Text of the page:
Format

Send to

Choose Destination
Adv Chronic Kidney Dis. 2019 Mar;26(2):92-98. doi: 10.1053/j.ackd.2019.02.001.

Ambulatory Blood Pressure Monitoring: Profiles in Chronic Kidney Disease Patients and Utility in Management.

Author information

1
Division of Nephrology and Hypertension, Department of Medicine, Mayo Clinic Florida, Jacksonville, FL. Electronic address: Aslam.Nabeel@mayo.edu.
2
Division of Nephrology and Hypertension, Department of Medicine, Mayo Clinic Florida, Jacksonville, FL.

Abstract

Optimal control of blood pressure (BP) may reduce the risk of progression of CKD. Misclassification of hypertension (HTN) and status of control may result in suboptimal management. Clinic or home BP may overestimate or underestimate status of control compared with ambulatory BP monitoring (ABPM), which is considered the gold standard. The latter relates not only to the superiority of ABPM concerning outcome prognosis but also to its ability to accurately diagnose white coat and masked HTN, which is critical in assuring adequate BP control. However, ABPM has not gained widespread use in practice because of limited third-party reimbursement and a paucity of high quality randomized controlled intervention studies evaluating its use. Herein, we review HTN phenotypes that have been identified in patients with CKD, and the potential value of ABPM in this high-risk population.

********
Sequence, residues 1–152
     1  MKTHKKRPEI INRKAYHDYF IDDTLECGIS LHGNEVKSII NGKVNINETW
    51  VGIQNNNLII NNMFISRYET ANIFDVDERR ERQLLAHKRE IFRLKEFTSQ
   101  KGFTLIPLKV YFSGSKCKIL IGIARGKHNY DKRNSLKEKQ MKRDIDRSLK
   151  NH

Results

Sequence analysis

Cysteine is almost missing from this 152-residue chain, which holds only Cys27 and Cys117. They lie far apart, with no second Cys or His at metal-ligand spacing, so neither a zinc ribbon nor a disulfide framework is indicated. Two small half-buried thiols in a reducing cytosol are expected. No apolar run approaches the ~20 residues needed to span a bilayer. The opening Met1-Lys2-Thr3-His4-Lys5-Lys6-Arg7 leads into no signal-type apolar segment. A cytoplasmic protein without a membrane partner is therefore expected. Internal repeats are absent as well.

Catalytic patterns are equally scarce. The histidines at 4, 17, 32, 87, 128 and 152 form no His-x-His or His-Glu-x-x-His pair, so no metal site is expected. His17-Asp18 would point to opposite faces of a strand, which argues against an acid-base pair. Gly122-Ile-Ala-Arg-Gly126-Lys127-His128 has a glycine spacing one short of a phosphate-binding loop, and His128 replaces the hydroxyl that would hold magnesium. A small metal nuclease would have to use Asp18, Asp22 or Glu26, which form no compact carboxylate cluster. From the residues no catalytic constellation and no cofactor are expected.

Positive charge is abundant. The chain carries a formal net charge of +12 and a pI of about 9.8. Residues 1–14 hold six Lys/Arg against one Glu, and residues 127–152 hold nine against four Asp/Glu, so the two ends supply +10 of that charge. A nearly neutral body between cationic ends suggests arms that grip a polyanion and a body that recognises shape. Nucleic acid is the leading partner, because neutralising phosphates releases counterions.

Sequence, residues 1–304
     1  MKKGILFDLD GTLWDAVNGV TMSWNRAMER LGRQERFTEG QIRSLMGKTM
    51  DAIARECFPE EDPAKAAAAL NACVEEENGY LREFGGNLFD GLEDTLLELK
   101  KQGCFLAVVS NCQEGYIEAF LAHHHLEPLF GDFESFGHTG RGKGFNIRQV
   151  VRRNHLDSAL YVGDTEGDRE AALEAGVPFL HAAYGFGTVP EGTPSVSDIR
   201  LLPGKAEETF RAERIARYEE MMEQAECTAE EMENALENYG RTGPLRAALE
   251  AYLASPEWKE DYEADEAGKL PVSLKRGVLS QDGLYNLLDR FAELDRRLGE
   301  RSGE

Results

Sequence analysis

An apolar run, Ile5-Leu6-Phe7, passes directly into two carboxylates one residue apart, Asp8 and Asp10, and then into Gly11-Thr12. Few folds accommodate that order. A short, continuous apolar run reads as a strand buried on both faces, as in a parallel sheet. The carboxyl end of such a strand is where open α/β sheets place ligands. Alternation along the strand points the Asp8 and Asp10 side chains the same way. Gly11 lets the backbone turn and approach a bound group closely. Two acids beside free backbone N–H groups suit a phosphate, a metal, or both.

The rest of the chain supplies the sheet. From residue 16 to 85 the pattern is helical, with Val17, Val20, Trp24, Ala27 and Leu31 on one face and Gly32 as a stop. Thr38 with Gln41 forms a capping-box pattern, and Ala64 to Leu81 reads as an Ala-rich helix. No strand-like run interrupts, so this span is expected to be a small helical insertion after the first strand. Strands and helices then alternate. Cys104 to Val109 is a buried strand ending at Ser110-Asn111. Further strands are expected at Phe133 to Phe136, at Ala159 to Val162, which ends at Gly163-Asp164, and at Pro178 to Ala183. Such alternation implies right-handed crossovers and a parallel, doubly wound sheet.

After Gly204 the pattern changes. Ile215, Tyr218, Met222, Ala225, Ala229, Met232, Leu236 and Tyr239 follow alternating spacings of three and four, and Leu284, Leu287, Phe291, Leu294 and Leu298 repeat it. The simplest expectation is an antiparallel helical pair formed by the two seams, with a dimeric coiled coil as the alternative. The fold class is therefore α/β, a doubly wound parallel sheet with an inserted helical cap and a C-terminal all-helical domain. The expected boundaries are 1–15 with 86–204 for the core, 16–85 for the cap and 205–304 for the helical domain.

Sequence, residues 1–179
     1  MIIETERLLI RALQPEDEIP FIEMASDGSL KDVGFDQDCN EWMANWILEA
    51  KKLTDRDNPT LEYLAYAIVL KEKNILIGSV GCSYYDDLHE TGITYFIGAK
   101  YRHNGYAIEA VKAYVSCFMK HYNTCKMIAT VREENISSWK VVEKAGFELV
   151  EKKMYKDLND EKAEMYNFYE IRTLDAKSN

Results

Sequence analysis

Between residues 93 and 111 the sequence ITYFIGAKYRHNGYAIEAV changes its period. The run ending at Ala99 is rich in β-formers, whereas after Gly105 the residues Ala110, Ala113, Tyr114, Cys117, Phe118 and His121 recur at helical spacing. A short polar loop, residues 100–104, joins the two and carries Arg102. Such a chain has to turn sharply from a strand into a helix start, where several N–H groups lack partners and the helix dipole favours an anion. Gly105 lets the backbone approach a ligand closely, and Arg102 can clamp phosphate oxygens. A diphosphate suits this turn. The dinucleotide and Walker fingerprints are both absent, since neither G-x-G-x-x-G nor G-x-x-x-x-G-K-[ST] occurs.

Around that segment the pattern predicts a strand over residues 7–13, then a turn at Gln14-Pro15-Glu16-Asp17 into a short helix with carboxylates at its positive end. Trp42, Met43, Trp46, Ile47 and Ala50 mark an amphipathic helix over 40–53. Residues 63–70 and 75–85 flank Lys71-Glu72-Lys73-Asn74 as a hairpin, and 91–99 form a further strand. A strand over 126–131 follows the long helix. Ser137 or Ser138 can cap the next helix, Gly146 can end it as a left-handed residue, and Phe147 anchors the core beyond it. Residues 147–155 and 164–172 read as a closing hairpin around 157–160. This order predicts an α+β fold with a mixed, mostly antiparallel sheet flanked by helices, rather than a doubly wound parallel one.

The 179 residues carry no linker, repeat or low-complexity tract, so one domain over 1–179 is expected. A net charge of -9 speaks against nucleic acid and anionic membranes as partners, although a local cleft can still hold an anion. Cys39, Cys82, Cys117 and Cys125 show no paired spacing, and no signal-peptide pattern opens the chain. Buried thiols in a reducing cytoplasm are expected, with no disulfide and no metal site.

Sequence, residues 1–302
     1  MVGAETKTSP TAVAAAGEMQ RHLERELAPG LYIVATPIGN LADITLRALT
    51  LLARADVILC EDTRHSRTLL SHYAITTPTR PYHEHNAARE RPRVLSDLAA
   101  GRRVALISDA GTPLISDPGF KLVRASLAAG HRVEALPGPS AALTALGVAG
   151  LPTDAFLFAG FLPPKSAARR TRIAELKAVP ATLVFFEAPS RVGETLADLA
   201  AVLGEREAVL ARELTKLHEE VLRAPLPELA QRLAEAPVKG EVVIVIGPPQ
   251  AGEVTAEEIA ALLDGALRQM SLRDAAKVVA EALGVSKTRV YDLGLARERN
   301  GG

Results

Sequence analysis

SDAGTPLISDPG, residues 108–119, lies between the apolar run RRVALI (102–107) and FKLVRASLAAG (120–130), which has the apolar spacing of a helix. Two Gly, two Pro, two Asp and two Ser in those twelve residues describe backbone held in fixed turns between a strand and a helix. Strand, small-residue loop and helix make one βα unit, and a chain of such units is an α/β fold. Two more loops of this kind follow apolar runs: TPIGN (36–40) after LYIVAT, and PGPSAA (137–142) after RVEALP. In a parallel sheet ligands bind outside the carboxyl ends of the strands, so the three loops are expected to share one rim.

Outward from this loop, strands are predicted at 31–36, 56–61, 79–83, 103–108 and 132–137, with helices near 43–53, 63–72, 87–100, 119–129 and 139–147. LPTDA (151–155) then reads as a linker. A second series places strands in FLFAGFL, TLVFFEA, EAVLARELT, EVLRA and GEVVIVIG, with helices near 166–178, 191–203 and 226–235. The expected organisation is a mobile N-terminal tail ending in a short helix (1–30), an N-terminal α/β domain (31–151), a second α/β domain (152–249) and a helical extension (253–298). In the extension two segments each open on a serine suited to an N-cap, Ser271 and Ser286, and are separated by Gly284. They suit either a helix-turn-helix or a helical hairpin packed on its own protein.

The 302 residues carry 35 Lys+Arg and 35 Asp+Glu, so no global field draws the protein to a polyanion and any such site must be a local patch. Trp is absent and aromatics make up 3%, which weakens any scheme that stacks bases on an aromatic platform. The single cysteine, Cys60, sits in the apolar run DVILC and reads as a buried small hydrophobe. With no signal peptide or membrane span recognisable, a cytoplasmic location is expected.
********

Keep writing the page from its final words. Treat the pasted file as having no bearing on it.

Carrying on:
KEYWORDS:

Ambulatory blood pressure monitoring; Chronic kidney disease; Hypertension; Kidney transplantation

PMID:
31023453
DOI:
10.1053/j.ackd.2019.02.001

Supplemental Content

Full text links

Icon for Elsevier Science
Loading ...
Support Center